1: Number of cocaine use days 3.5 3.5 2.5 3.0 3.0 3.5 3.2
    2: Maximum number of cocaine use days in a row 3.5 3.5 2.5 3.0 3.0 3.5 3.2
    3: Relapse to cocaine use 3.5 3.5 2.5 3.0 3.0 3.5 3.2
    4: Alcohol use 3.5 3.5 2.5 3.0 3.0 3.5 3.2

    Study Strengths

    The studies used the Timeline Followback interview developed by Sobell and Sobell, which has well-documented reliability. Researchers followed procedures recommended by the instrument's authors for maximizing the validity of self-reports (e.g., assuring participants that no family member, legal authority, or treatment staff would have access to the data; using a nonjudgmental interviewing style; using different staff members for assessment and treatment). Analyses adequately addressed attrition, missing data, and confounding variables.

    Study Weaknesses

    Intervention fidelity was insufficiently documented. Researchers provided limited information on the training and certification of psychologists who conducted the program. They also did not indicate whether they taped the sessions or used fidelity measures or an independent rating of adherence or competence.

    Readiness for Dissemination
    Review Date: March 2008

    Materials Reviewed

    The materials below were reviewed for Readiness for Dissemination. The implementation point of contact can provide information regarding implementation of the intervention and the availability of additional, updated, or new materials.

    Rohsenow, D. (1994). Cocaine-Specific Coping Skills Treatment: Supervisor's monitoring sheets for monitoring fidelity of treatment delivery in sessions.

    Rohsenow, D. (1994). Cocaine-Specific Coping Skills Treatment: Therapists tip sheets for sessions.

    Rohsenow, D., & Monti, P. M. (1994). Cocaine-Specific Coping Skills Treatment: Therapists manual for treatment.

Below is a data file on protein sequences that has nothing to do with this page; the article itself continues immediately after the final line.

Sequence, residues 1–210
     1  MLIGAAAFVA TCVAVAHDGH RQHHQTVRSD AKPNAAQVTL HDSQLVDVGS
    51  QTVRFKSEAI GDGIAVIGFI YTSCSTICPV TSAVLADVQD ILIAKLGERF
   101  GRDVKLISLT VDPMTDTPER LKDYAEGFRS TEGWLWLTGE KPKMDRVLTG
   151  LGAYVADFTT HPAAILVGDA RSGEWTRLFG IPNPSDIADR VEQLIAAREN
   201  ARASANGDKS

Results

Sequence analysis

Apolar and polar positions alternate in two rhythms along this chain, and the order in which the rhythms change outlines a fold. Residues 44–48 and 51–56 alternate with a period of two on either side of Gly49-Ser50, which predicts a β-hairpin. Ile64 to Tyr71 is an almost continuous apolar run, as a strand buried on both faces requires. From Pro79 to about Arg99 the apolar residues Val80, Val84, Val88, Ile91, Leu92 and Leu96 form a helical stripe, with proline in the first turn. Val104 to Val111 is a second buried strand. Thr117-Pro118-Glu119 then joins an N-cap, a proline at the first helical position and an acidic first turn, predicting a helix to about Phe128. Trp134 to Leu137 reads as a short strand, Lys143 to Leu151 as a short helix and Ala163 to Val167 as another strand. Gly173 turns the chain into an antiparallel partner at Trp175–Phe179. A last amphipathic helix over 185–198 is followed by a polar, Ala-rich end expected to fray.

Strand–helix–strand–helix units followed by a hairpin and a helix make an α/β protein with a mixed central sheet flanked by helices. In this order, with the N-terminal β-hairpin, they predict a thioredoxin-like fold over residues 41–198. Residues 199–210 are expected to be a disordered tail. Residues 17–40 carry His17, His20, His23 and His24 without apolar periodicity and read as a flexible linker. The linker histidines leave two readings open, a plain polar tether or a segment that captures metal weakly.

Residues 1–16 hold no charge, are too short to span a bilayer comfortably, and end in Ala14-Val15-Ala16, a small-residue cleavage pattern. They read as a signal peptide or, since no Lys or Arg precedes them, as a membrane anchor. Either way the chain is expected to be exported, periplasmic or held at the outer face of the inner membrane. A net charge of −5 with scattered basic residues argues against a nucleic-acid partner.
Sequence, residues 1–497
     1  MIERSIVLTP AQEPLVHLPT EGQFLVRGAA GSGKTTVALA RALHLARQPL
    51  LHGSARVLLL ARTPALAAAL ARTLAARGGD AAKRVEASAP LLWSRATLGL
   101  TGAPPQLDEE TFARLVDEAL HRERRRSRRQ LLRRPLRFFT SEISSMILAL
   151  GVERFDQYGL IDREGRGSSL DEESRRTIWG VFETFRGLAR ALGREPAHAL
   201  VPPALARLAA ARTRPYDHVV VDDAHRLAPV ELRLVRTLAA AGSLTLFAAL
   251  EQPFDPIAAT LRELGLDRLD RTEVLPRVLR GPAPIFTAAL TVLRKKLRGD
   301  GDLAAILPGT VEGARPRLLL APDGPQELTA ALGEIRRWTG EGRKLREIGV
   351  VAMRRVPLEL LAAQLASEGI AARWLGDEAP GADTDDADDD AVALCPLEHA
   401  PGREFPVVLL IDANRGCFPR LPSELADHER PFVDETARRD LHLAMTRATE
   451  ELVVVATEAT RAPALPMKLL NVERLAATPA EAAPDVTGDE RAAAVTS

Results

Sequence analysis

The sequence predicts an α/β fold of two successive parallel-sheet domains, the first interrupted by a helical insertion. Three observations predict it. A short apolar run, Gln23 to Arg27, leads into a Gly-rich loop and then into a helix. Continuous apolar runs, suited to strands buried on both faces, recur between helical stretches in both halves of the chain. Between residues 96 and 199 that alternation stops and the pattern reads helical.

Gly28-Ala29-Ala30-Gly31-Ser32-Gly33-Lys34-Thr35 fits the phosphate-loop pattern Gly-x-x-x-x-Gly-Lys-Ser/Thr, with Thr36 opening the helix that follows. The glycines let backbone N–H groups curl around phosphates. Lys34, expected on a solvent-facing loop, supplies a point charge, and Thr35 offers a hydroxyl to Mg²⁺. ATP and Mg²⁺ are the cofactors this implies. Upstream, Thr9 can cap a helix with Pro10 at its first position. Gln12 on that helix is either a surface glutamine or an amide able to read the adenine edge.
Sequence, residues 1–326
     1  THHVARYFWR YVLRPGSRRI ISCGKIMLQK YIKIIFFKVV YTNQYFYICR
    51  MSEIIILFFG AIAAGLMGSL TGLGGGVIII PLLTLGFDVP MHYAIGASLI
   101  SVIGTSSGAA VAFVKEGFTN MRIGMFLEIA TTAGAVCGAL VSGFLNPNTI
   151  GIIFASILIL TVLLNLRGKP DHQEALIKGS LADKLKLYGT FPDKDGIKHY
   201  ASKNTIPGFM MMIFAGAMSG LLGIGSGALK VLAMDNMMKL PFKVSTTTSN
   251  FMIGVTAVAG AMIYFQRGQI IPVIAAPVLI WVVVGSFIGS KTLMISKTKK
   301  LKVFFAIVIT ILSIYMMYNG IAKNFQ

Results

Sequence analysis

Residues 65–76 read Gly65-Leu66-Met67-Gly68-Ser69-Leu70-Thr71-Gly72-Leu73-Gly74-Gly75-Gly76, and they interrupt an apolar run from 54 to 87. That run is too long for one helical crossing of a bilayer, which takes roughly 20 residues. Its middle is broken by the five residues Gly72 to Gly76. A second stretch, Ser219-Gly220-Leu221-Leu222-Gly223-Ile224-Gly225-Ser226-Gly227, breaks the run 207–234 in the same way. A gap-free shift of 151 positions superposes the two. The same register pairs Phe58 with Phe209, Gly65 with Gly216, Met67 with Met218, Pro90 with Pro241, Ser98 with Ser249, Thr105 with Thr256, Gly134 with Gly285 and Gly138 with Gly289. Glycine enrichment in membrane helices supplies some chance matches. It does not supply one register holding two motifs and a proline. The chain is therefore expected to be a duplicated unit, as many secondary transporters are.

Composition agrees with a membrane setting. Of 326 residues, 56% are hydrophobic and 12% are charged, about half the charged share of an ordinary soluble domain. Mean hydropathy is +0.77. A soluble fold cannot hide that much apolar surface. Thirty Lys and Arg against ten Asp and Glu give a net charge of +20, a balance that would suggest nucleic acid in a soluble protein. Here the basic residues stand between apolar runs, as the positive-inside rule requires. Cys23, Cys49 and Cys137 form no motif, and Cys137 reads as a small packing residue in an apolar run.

Rohsenow, D., & Monti, P. M. (n.d.). Cocaine-Specific Coping Skills Treatment: Workshop for therapists and trainers of therapists.

    Readiness for Dissemination Ratings by Criteria (0.0-4.0 scale)

    External reviewers independently evaluate the intervention's Readiness for Dissemination using three criteria:

    1. Availability of implementation materials
    2. Availability of training and support resources
    3. Availability of quality assurance procedures

    For more information about these criteria and the meaning of the ratings, see Readiness for Dissemination.

    Implementation
    Materials
    Training and Support
    Resources
    Quality Assurance
    Procedures
    Overall
    Rating
    2.3 1.9 2.0 2.0

    Dissemination Strengths

    The therapist manual is well organized and coherent. Workshops are available to support intervention training. General guidance is provided to supervisors for monitoring intervention fidelity.

    Dissemination Weaknesses

    Implementation materials do not discuss desired qualifications of therapists and supervisors. No guidance is provided for incorporating the intervention into existing organizational services or selecting clients to receive the intervention. No formal training curriculum, coaching, or support is available for program implementers. Additional guidance is needed for using quality assurance tools to measure outcomes and improve intervention delivery.

    Costs

    The cost information below was provided by the developer. Although this cost information may have been updated by the developer since the time of review, it may not reflect the current costs or availability of items (including newly developed or discontinued items). The implementation point of contact can provide current information and discuss implementation requirements.

    Item Description Cost Required by Developer
    Program materials Free Yes
    1-day, on-site training $1,250 per day plus travel expenses No
    Fidelity manual Free No
    Contact Information

    To learn more about implementation, contact:
    Damaris J. Rohsenow, Ph.D.
    (401) 863-6648
    Damaris_Rohsenow@brown.edu

    To learn more about research, contact:
    Damaris J. Rohsenow, Ph.D.
    (401) 863-6648
    Damaris_Rohsenow@brown.edu

    Peter M. Monti, Ph.D.
    (401) 863-6648
    Peter_Monti@brown.edu

    Consider these Questions to Ask (PDF, 54KB) as you explore the possible use of this intervention.